• Deep frying
  • Seasoning cast irons
  • Making thicker stews
  • Making gravy
  • As a base for candles and soaps
  • As an ingredient in skincare products
  • As a supplement
  • Even as an industrial lubricant!

What is lard?

Lard is rendered pork fat, or any other rendered fat from a pig or similar animal, including boars. Lard can be made by steaming or boiling raw fat, known as wet rendering, or by heating it without water, known as dry rendering [*].

Lard is typically sourced from pork belly and other fat close to the internal organs due to the quantity and quality of fat found there.

Its mild taste, soft texture, and versatility make it one of the most popular cooking ingredients in the world.

People use lard for:

  • Baking and pastries
  • Greasing
  • Mayonnaise
  • As a substitute for vegetable oil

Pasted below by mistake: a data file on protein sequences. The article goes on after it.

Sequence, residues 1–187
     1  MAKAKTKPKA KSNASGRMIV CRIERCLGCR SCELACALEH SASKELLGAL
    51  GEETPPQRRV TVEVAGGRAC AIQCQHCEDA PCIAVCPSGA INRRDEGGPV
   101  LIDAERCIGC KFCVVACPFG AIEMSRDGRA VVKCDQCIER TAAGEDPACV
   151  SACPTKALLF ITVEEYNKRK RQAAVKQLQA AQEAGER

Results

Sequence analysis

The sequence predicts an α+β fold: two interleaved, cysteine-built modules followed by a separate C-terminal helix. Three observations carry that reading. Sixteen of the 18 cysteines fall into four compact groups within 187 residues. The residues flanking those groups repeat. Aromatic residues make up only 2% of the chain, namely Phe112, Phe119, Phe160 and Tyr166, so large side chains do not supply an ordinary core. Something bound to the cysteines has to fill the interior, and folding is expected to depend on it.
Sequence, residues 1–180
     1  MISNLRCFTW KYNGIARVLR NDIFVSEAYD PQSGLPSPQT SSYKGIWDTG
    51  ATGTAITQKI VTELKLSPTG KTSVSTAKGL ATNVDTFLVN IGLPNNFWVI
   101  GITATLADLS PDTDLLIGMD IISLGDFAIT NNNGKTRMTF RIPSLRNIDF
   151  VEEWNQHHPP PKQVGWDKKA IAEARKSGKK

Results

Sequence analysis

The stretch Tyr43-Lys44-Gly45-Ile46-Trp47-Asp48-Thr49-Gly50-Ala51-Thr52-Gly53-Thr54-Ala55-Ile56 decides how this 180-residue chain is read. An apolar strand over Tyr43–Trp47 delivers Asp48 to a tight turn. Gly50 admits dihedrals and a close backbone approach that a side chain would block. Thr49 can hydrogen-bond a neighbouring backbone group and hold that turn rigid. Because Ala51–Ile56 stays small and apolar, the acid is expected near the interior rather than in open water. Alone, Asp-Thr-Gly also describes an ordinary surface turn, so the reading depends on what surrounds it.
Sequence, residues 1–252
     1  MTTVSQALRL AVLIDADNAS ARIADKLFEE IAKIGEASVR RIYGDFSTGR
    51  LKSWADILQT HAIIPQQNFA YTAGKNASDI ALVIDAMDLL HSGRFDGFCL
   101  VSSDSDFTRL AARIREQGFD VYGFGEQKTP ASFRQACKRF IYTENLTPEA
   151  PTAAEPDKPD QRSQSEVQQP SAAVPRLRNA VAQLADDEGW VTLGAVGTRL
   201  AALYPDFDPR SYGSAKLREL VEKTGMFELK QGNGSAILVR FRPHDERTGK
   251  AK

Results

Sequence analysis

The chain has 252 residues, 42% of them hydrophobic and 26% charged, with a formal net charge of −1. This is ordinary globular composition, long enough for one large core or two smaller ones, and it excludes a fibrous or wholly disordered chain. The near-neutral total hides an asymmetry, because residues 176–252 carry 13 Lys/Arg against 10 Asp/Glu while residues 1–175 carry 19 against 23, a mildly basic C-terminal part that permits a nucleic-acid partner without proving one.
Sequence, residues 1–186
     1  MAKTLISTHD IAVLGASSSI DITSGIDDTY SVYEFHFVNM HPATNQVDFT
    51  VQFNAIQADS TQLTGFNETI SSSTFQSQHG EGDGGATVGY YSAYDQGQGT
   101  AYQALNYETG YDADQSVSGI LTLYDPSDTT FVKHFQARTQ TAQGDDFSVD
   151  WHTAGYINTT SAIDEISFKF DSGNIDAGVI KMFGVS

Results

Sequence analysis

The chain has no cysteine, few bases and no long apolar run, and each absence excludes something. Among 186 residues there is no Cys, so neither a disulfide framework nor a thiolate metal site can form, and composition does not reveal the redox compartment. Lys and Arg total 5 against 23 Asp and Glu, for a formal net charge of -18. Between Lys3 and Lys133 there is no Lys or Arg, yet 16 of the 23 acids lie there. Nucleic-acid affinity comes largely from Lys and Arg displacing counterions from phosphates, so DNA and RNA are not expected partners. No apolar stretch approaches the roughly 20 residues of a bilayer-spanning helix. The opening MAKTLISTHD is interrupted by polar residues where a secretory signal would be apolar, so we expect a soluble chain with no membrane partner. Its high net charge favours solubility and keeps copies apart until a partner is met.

• Sauteing
  • Maintaining leather and wood
  • Seasoning cast irons
  • As a base for soups and stews
  • To cook eggs and potatoes in
  • And much, much more!

Tallow and lard differences

While tallow and lard are clearly similar, they are far from the same thing.

Tallow is a bit harder than lard

Tallow has a texture closer to butter when cooled, whereas lard is even softer and more spreadable. This makes lard ideal for pastries since it “melts in your mouth” and absorbs into the dough well.

Tallow has a higher smoke point than lard

It’s not just tallow’s beefier taste that makes tallow the preferred choice for frying over lard, it also has a higher smoke point. Tallow’s smoke point is around 400 degrees, whereas lard’s is a bit cooler, around 374 degrees. The higher the smoke point, the hotter you can get the oil without trouble, which means faster cooking and fewer fires.

Tallow has a stronger taste than lard

Another reason bakers prefer lard to tallow for baking is that lard has a mostly neutral taste. A slight beefy taste may not be an issue in a meat pie, but no one wants beef in their apple pie! This is partly why lard is used for sweets and tallow is used for frying things like fries or other meat.